Far less obvious was the contribution of the Leading Edge racks. This modular support system uses a cascade approach to isolating the signal, both by draining unwanted energy from the equipment itself and decoupling the support shelves from the outside world. The shelves themselves contain acoustic absorption to dissipate the energy fed into them via the dedicated couplers. They also have RFI-absorbent material, and they utilize the same micro-perforated undersurface that you see on the D-panels. They are, in effect, more capable and far more attractive versions of the old Vertex Kinibalu support platforms, but incorporating a stacking capability and individual leveling for each shelf. Additional mini D-panels can be added to the sides of the rack to further inhibit airborne energy from both reaching the equipment and spreading within the room itself. Again, these impressive components are in-house at present. Cabling throughout the system was Vertex AQ, and this included considerable treatment of mains-borne mechanical energy and RFI.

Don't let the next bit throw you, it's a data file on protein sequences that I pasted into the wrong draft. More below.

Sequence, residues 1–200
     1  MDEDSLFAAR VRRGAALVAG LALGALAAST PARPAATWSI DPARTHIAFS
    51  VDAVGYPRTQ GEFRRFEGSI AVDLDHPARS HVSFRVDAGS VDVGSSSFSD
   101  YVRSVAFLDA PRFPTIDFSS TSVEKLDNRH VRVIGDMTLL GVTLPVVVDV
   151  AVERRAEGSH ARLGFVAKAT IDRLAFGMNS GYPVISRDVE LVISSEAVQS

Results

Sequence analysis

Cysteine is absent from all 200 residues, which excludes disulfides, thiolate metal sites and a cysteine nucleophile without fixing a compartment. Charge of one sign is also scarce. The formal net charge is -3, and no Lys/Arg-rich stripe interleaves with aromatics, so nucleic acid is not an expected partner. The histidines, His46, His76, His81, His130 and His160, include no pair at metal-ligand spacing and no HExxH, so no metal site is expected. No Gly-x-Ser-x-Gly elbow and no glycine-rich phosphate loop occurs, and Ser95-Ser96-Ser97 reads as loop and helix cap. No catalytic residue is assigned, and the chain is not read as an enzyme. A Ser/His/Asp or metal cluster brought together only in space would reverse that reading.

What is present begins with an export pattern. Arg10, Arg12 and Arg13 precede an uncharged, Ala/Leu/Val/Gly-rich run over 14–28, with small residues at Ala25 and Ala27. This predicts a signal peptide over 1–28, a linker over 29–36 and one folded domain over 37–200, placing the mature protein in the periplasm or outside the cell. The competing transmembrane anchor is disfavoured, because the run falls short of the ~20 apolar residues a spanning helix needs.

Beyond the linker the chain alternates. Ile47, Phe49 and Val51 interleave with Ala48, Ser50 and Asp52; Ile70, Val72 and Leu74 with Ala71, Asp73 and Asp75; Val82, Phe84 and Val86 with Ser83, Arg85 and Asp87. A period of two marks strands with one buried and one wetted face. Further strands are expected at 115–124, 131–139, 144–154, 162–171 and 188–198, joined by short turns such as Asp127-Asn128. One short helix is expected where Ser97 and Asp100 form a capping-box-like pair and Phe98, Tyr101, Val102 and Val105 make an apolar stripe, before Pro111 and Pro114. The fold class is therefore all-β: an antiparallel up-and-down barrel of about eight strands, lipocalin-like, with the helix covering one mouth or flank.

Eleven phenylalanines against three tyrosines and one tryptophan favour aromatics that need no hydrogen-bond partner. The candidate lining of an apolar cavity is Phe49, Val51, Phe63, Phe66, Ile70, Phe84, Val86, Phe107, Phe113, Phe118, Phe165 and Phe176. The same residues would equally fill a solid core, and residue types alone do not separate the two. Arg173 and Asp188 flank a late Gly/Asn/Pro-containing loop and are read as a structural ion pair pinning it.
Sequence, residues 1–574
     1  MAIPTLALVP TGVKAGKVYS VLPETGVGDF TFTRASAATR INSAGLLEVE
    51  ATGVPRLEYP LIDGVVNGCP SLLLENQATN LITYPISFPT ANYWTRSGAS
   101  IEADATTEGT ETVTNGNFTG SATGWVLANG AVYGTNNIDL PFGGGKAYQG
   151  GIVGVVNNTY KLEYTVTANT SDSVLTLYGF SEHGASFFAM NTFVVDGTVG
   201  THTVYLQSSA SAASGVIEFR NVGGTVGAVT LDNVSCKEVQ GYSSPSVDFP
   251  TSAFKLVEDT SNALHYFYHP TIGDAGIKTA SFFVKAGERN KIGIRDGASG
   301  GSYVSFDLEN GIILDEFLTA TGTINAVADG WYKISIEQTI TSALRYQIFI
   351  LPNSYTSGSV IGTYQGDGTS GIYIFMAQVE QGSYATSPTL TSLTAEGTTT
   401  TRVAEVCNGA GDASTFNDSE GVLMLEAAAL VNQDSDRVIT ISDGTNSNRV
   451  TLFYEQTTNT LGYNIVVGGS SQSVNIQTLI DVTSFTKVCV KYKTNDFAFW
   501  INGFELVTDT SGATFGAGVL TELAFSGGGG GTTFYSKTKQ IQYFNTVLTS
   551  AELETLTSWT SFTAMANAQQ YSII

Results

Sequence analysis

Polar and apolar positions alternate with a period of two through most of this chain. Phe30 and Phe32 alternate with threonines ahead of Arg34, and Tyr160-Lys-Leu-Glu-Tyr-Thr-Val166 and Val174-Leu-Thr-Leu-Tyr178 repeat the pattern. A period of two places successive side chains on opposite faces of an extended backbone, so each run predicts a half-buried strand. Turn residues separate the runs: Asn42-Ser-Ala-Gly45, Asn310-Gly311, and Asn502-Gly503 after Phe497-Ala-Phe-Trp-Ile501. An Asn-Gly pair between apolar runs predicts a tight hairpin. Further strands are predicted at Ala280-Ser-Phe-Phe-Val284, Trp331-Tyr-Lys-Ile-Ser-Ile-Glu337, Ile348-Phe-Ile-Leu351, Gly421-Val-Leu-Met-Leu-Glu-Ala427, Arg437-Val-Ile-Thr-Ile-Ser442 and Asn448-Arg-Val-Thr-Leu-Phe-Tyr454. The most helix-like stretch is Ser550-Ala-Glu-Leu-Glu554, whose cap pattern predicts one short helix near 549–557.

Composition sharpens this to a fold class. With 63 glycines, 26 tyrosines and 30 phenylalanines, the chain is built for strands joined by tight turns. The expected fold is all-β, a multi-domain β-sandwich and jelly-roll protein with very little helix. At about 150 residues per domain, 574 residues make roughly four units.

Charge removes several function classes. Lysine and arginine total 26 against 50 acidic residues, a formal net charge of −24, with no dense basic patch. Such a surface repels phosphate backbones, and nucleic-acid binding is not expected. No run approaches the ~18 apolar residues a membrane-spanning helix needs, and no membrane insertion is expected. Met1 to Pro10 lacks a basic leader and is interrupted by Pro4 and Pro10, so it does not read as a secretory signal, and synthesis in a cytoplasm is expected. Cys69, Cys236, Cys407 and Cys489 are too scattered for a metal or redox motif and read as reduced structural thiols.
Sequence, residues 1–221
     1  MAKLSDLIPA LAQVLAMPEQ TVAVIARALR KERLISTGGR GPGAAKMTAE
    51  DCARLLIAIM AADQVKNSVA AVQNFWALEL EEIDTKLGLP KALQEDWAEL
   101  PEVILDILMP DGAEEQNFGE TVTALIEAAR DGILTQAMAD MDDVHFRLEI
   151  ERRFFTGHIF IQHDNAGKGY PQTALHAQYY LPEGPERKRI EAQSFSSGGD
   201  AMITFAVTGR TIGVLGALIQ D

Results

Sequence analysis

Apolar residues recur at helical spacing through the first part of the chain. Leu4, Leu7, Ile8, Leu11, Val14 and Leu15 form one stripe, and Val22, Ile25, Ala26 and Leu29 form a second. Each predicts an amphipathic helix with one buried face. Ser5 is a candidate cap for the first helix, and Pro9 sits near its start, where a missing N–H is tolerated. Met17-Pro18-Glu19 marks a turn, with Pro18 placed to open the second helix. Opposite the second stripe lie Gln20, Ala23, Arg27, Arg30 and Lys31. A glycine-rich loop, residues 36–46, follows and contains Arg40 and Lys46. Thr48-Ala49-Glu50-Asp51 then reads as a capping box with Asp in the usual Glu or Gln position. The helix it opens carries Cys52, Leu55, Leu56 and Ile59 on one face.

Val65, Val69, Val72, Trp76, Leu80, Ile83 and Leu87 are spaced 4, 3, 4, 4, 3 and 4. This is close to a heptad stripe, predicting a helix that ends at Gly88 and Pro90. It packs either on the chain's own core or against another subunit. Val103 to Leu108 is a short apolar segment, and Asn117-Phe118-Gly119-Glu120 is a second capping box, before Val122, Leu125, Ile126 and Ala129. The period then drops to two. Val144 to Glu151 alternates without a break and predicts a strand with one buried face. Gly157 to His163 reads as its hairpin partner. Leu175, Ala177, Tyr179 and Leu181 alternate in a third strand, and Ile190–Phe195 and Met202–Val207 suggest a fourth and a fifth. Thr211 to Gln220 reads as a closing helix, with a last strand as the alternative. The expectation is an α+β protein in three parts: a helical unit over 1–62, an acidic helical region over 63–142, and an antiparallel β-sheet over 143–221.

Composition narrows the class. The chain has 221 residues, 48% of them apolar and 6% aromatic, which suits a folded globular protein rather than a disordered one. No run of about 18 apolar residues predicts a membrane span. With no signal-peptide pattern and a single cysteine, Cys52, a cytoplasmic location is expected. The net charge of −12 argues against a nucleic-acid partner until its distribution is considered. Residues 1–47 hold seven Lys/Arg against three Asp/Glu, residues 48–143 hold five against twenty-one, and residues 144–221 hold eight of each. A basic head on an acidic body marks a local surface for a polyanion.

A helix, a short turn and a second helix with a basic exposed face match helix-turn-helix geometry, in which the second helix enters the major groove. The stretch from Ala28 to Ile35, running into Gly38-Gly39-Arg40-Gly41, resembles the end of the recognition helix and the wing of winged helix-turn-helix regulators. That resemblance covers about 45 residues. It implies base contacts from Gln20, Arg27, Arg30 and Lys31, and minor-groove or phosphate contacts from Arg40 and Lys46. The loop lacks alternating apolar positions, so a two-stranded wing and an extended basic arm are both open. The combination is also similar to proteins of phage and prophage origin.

The end result was a system that was allowed to really sing. The Chiara speakers contain a lot of hidden technology, including a rear-facing ABR and a sophisticated acoustic matrix in their stand that helps account for the lack of audible cabinet effects in their sound. As soon as the music started, the speakers simply disappeared. Weight and scale were both exceptional for the size and 15,000-per-pair price, with a real sense of presence and dimensionality. Music breathed convincingly, tonality was natural and dynamics impressively unforced and lively. In short, this system was doing everything a good system should. It was getting out of the way of the music, allowing me to enjoy the performance without drawing attention to itself -- and it was doing it to a standard that easily exceeds many a really expensive home setup. To achieve that level of coherent, natural and convincing musical communication is impressive under any circumstances; to do it in the attic of the MOC must seem close to miraculous to many of Leading Edge's competitors -- if they even took notice. Yet this sonic splendor was simply the product of a systematic, all-embracing approach to those issues that impact the operating conditions of any system. As the saying goes, "It’s not rocket science."

Once you’ve experienced what Leading Edge has achieved, the results witnessed over at the Marriott should come as no surprise. Why? Because all of the better-sounding rooms at HiFi Deluxe shared this holistic, systematic approach to setup.